According to the Director of Public Safety for the OLCC Rudy Williams said even when the incident occurs down the street, across the street, or around the corner from the establishment, the licensees are still held responsible.
“The licensee is responsible for everything inside or outside the premise,” he said.
Mcmillan, however, said, “You can’t just stop people from coming in here, and it is not our job to crack down on the gangs.”
Thompson said, for the community to blame the bar for the violence is unfounded because, unfortunately, in Portland there have been several murders since September, and no one has been arrested.
According to the OLCC, the organization has a Public Safety Principle, which focuses on community livability considerations when guiding alcohol beverage system growth.
Some of the required restrictions for the business, however, Thompson said he already enforced, including a wand to search people and their bags before they enter the establishment, as well as age verification checks.
The other restrictions, however, Thompson said are impossible for him to adhere to while maintaining his new establishment. Some include anyone who exits the building after 10:30 p.m. will not be allowed re-entry, and the bar must be closed by 11:30 p.m. Further, they required Thompson to implement a dress code.
“Anyone wearing gang-related clothing will be refused entry,” said the OLCC in a press release, but the immediate order explained the details, which read “a person wearing clothing associated with gang membership or affiliation, including but not limited to athletic jerseys (with the exception of game day attire for local events) torn or ragged clothing, casual sweat pants or track suits, head wear of any kind, or known bike wear or street wear attire, including color will be refused entry to the premises.”
Thompson, while wearing a maroon track jacket, said his clothing would be considered gang-related by the OLCC, and he asked what does this help?
“I don’t like being labeled a gang bar,” he said.
According to Thompson, Seeznin’s is a place for everyone within the community.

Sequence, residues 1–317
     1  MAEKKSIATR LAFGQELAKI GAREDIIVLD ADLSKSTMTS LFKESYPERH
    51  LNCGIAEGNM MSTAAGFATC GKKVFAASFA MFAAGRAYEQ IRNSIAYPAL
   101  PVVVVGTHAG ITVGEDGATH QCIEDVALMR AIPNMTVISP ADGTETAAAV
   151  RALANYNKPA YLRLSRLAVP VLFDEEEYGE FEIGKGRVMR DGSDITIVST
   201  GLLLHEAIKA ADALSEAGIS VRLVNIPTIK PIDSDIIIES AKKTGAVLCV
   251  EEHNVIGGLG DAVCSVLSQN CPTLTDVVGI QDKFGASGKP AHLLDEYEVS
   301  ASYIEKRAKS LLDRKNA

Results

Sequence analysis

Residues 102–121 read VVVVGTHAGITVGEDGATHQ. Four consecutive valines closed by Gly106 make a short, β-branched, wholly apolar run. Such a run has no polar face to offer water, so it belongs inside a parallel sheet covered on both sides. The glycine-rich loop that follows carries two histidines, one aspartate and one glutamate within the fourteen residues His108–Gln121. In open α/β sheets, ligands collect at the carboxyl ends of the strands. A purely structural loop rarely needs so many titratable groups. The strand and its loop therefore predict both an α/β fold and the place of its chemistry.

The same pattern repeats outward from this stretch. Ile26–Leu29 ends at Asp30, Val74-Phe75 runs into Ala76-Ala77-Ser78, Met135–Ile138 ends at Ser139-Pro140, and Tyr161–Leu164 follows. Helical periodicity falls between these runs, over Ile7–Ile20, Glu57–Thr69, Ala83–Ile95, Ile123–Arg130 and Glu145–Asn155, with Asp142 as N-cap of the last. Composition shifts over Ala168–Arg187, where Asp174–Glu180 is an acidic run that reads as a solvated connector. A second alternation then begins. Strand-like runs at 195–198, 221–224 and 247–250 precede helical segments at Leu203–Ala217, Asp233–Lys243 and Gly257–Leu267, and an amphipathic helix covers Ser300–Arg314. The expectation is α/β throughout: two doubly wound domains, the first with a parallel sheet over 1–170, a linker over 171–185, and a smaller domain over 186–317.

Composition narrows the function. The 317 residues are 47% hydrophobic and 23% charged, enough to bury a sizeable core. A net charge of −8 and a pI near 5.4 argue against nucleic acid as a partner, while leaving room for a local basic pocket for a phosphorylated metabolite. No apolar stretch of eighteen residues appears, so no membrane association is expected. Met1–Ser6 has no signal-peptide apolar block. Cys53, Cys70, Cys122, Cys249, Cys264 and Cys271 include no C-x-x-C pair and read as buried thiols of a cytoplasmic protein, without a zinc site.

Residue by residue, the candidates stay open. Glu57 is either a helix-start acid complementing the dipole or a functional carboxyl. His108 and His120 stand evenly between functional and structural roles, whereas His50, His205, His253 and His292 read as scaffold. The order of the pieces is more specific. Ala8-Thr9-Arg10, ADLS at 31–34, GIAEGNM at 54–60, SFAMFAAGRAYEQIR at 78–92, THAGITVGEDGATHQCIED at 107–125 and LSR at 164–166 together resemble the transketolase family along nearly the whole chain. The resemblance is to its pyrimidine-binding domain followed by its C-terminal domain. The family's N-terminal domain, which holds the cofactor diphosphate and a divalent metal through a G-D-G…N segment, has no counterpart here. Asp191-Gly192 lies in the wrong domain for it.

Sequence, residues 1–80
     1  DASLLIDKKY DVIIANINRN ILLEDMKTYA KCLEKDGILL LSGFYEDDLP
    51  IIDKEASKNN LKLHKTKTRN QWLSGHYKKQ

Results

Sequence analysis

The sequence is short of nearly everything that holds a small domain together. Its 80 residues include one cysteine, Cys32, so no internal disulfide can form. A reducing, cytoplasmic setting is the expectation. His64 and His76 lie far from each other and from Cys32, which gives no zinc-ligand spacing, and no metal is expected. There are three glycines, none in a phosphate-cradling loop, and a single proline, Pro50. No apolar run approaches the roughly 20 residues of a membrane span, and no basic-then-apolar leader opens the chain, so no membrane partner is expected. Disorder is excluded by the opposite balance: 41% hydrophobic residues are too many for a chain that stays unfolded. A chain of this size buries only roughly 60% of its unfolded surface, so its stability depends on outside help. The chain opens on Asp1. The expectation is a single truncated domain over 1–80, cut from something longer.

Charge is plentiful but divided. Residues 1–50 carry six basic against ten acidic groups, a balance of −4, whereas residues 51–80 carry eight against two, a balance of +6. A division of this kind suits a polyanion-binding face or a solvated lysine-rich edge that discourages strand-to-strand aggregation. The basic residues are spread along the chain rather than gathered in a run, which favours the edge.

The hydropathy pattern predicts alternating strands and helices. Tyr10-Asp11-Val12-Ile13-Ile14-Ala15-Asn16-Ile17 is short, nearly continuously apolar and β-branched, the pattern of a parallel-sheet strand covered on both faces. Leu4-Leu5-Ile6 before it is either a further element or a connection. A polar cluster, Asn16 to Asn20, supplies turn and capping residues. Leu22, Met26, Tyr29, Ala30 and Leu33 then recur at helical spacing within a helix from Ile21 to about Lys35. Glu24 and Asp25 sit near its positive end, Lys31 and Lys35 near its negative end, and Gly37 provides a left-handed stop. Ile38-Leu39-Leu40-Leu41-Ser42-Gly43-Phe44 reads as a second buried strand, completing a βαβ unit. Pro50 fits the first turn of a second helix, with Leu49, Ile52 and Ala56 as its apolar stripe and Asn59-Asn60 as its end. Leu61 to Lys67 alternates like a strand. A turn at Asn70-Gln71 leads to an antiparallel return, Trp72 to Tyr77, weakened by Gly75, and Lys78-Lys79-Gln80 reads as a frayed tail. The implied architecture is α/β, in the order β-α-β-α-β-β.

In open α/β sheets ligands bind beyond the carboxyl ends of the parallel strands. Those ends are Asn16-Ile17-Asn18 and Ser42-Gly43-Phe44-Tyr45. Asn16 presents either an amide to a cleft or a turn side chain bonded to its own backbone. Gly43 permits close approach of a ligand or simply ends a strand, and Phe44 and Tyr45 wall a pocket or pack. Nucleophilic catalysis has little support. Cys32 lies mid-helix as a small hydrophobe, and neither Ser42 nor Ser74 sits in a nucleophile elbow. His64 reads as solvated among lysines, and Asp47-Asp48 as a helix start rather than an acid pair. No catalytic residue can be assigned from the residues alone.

On June 16th, he said, the business held a Youth Employment fair at Seeznin’s, where they provided food handlers cards out of pocket for 23 kids throughout the community, as well as one young adult received a job doing sign language for the Police Activity League.
All different walks of life visit the bar, Thompson said, but the majority of customers of Seeznin’s are African American individuals from throughout the community.
“We have families and all kinds of people who frequent here, but people think whenever black folk come together in a group they are a gang, he said. “I believe race has something to do with this.”
“Putting the restrictions on the bar was not intended to close the business down,” said Christie Scott, the public Affairs specialist for the OLCC. “We are working off the police report by trained officials.”
He said, “It was never our intent not to allow him to be successful,” he said. “People don’t understand a liquor license is a privilege, but when it is linked to public danger, you must be held accountable.”
Williams explained, “we would be remised if we did not take the actions we took and would be abdicating our role and responsibility to make the environment safe.”
Thompson, however, said putting restrictions on bars and different places does not get to the root of the problem, which is there is a very large gang and gun violence problem in Portland Oregon.
“OLCC is not in touch with what is going on within the community,” he said. “But they are throwing down the law without any facts or truths of what took place.”